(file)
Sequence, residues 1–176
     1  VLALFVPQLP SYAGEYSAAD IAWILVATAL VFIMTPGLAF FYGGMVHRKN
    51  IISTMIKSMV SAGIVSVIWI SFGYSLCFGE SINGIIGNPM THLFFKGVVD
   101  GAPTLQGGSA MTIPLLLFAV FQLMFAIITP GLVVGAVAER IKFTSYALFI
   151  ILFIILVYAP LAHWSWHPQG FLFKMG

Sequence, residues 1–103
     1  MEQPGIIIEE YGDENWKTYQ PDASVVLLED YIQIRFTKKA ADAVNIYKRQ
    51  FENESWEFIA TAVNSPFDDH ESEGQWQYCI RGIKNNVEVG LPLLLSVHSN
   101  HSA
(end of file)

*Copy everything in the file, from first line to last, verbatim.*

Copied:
Sequence, residues 1–176
     1  VLALFVPQLP SYAGEYSAAD IAWILVATAL VFIMTPGLAF FYGGMVHRKN
    51  IISTMIKSMV SAGIVSVIWI SFGYSLCFGE SINGIIGNPM THLFFKGVVD
   101  GAPTLQGGSA MTIPLLLFAV FQLMFAIITP GLVVGAVAER IKFTSYALFI
   151  ILFIILVYAP LAHWSWHPQG FLFKMG

Sequence, residues 1–103
     1  MEQPGIIIEE YGDENWKTYQ PDASVVLLED YIQIRFTKKA ADAVNIYKRQ
    51  FENESWEFIA TAVNSPFDDH ESEGQWQYCI RGIKNNVEVG LPLLLSVHSN
   101  HSA